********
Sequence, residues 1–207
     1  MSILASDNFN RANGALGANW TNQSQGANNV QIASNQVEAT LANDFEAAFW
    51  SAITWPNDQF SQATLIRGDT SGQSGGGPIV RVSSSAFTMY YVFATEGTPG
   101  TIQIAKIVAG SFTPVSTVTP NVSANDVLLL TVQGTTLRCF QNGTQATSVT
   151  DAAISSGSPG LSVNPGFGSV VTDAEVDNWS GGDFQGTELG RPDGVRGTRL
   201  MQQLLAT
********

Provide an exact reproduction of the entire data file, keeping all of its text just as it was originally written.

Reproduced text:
Sequence, residues 1–207
     1  MSILASDNFN RANGALGANW TNQSQGANNV QIASNQVEAT LANDFEAAFW
    51  SAITWPNDQF SQATLIRGDT SGQSGGGPIV RVSSSAFTMY YVFATEGTPG
   101  TIQIAKIVAG SFTPVSTVTP NVSANDVLLL TVQGTTLRCF QNGTQATSVT
   151  DAAISSGSPG LSVNPGFGSV VTDAEVDNWS GGDFQGTELG RPDGVRGTRL
   201  MQQLLAT